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The tortoise and the hare of IoT

The tortoise and the hare of IoT

Posted by Zenobia HegdeFebruary 15, 2016

The UK Government Chief Scientific Adviser recently highlighted the opportunities IoT brings to the public sector: “The UK is well placed to be amongst the emerging world leaders reaping the benefits from the Internet of Things.”

According to Juniper Research, by 2020 there will be 38 billion connected “things” in use, and the opportunity for the UK government is clear.

IoT technology is capable of helping organisations achieve many public policy goals, including delivery of public services, increased economic growth and improvements in environmental sustainability, public safety and security.

Earlier this year, George Osborne, the UK’s Chancellor of the Exchequer (senior minister at the Treasury) pledged $58,094,200 (£40 million) towards the research and development of IoT, which will be offered to business incubators driving initiatives to connect domestic appliances to the web and the government’s “smart cities” initiative. Additionally, the UK government recently launched its national IoT UK programme to “convene and amplify” the UK’s IoT industry by advancing the UK’s global leadership in the IoT. Its aim is to increase adoption of IoT technologies and services in the public sector by improving the quality of people’s lives through everything from better healthcare to education says, Joel Dolisy, SVP and CTO/CIO, SolarWinds.

For example, sensors on roads and in cars will be able to tell drivers of dangerous driving conditions ahead; in hospitals, patients will wear medical devices that will communicate data remotely to their doctors; in cities, street lights will inform maintenance crews which bulbs are out and rubbish disposals will tell crews when they’re ready to be emptied. In frontline defence, connectivity will improve situational awareness and create connected command centres able to better position vehicles and manage supplies. By driving this innovation, the UK government will build on its status as a leader in the digital economy, yet a number of hurdles to adoption of IoT in the public sector remain.

The public sector lacked the head start of the private sector in terms of deployment and industry experts are unanimous in their recognition that it is the private sector which is leading the way in IoT adoption. However, the public sector can use this as an opportunity to learn from the experiences of the private sector, and face the challenges of IoT adoption head on.

Locking down IoT

A recent HP Research study found that 70% of IoT devices are vulnerable to attack with at least one security flaw. This research encapsulates the biggest challenge facing IoT across both sectors, security. As more devices connect to the network, the public sector needs to ensure it is prepared for IoT. Expanding networks and new security procedures present a new challenge for IT pros; from mobile and smart devices connecting through the network to firmware updates. Connected devices would have their own proprietary operating systems that can’t be managed in the same way as traditional systems. These devices are often not designed with security at the forefront of mind which presents a real challenge to those adopting them.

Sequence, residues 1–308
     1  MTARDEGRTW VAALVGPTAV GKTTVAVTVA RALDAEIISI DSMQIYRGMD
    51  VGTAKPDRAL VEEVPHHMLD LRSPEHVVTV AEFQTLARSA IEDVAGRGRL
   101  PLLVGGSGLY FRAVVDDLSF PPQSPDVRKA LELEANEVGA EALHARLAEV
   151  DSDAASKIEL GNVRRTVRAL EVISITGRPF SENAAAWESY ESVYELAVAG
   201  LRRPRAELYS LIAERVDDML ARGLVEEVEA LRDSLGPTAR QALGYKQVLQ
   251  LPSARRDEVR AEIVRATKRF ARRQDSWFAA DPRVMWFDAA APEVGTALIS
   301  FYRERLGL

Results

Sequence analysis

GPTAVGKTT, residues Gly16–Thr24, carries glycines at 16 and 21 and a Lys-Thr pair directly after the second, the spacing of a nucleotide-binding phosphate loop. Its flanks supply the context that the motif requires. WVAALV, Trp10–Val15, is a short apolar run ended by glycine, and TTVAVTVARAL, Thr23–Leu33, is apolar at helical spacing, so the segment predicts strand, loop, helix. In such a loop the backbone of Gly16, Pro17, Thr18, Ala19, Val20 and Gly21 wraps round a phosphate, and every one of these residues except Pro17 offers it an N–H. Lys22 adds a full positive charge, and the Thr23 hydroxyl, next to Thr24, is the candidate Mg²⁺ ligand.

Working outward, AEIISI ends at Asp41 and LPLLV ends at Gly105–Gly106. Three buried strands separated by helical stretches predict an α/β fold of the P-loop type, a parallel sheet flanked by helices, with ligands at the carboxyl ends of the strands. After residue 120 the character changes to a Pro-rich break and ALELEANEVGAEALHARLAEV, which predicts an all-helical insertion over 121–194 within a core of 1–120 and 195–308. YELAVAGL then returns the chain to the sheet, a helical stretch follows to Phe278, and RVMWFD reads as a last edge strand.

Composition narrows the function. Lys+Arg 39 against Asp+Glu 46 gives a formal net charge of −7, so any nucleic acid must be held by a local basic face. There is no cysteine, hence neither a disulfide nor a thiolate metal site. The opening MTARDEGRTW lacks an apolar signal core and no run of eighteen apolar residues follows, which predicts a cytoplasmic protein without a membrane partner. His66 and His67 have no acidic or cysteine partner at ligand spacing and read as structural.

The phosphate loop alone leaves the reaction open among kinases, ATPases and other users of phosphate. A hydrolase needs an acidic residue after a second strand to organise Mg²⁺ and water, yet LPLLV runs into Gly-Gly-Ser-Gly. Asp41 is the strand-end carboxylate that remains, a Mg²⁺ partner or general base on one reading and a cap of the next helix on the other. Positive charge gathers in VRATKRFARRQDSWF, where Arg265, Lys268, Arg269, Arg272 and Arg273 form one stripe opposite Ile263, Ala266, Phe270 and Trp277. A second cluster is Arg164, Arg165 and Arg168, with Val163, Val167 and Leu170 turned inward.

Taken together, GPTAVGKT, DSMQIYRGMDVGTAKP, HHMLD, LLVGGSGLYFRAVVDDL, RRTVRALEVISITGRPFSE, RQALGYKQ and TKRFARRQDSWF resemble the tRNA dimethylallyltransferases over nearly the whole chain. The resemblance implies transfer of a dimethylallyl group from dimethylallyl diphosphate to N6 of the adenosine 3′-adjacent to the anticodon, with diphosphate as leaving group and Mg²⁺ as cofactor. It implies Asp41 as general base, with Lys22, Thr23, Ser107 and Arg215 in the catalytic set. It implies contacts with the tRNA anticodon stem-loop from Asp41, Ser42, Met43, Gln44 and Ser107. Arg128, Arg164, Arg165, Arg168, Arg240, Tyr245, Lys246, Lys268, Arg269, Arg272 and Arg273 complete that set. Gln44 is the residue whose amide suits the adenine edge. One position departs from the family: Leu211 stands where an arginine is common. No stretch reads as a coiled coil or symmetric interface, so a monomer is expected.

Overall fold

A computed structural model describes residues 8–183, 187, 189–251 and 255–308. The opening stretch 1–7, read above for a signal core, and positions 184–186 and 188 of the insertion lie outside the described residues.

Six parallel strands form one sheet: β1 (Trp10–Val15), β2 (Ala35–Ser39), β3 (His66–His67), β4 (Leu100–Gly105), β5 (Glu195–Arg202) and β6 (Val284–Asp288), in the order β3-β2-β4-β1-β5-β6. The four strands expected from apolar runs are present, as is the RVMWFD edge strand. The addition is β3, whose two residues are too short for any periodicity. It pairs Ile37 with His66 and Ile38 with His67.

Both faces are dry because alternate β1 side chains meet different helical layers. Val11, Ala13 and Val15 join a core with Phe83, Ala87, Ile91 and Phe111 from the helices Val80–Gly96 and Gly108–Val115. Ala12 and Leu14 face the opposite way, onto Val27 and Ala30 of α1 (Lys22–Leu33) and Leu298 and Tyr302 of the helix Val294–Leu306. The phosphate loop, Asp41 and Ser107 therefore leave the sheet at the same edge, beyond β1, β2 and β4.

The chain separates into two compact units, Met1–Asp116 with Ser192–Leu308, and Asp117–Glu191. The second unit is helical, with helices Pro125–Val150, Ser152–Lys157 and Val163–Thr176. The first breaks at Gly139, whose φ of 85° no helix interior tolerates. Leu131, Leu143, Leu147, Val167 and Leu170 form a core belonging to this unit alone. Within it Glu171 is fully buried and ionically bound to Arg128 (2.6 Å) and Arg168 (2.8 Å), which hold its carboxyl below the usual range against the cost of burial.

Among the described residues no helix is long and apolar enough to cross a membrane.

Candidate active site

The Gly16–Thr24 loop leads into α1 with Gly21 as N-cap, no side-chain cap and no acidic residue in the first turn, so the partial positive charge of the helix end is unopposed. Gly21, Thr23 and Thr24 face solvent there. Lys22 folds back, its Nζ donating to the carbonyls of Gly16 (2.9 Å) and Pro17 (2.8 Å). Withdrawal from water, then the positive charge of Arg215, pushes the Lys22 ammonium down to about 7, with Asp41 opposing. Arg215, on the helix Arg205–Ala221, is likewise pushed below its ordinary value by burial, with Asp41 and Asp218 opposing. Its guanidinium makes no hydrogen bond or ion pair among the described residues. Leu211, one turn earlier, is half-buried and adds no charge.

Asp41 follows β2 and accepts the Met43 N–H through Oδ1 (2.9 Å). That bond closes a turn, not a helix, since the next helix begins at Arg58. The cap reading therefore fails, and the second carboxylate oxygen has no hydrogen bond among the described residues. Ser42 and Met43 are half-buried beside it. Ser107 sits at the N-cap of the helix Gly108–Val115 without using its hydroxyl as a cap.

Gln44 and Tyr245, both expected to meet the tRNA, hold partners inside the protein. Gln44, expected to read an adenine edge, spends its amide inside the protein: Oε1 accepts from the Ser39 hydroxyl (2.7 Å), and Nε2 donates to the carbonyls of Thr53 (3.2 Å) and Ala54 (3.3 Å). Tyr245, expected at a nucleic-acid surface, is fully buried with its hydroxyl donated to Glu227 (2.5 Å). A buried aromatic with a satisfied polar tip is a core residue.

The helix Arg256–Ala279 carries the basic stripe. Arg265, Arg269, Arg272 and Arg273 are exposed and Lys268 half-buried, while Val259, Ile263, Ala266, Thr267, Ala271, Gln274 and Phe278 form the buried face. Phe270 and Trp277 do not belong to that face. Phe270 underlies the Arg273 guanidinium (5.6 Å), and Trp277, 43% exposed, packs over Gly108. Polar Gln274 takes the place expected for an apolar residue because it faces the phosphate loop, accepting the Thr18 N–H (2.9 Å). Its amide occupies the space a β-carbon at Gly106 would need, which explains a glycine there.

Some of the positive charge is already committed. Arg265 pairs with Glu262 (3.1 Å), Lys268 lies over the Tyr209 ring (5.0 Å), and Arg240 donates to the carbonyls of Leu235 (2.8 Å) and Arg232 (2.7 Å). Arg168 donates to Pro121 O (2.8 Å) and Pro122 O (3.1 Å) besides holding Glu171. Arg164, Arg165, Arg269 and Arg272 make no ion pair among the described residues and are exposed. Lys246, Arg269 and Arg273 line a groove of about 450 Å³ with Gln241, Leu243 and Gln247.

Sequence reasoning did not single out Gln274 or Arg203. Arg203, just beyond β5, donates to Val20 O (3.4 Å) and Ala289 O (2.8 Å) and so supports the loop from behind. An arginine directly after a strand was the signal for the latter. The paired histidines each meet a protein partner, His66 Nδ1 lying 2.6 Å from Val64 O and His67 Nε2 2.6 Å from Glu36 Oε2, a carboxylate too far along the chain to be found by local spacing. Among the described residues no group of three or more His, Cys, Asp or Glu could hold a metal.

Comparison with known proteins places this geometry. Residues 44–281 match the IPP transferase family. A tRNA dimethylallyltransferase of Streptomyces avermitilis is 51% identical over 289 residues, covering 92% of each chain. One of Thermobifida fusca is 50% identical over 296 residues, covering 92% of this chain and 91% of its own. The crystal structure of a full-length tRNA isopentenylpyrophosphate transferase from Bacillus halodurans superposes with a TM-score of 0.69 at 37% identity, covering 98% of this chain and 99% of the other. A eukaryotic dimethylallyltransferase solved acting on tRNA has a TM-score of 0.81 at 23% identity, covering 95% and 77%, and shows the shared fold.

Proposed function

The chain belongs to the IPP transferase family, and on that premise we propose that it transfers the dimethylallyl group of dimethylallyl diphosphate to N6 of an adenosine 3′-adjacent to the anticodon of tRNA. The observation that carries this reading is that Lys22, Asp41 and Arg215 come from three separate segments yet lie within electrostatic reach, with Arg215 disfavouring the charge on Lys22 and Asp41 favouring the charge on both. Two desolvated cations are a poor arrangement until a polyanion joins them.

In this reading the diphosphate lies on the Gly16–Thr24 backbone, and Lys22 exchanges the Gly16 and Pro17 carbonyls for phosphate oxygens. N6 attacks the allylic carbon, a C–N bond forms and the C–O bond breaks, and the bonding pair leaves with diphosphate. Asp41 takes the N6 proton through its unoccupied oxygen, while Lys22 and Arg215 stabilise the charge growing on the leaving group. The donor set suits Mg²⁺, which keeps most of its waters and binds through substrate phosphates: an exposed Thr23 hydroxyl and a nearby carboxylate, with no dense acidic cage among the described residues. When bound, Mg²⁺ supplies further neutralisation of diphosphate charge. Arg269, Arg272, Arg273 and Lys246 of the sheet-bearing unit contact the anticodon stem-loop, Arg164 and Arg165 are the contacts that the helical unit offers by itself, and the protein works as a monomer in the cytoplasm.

For firmware, automated updates would not have the same level of control as other manual systems, while manual results necessitate manpower and attention to detail. The public sector has an opportunity to learn from the security challenges the private sector has faced. Learning from the private sector, the government should approach IoT differently, factoring in its impact on securing the network and secure data, and ensure it has the right tools in place to monitor and manage the underlying infrastructure.

Pricing up IoT

While $58,094,200 (£40m) is a huge figure in a sector constantly battling budget constraints and cuts, it is dwarfed by the amounts venture capitalists are able to provide. The public sector needs to face the financial challenge of IoT smartly, with many calling instead for greater incentives for early adopters such as tax breaks. The public sector is also often faced with red tape and the requirement to provide a strong return-on-investment argument, which is challenging in a fairly unproven area. The government’s recognition of the importance of IoT will help to open doors for the adoption of technologies with value to be gained in everything from employee productivity to connected militarised defense, cost reduction to increased revenue.

The potential for growth and innovation in IoT in the public sector is obvious. As the UK government Chief Scientific Adviser highlighted, the government “needs to foster and promote a clear aspiration and vision for the Internet of Things.”

IoTUK marks the exciting start of a three-year programme which will coordinate the organisations tasked with delivering public funding for an IoT city demonstrator, a research hub focused on security and trust, and health and care test beds. The public sector can overcome the hurdles in order to capitalise on this opportunity, learning from the private sector before it.

The author of this blog is Joel Dolisy, SVP and CTO/CIO, SolarWinds.

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Zenobia Hegde

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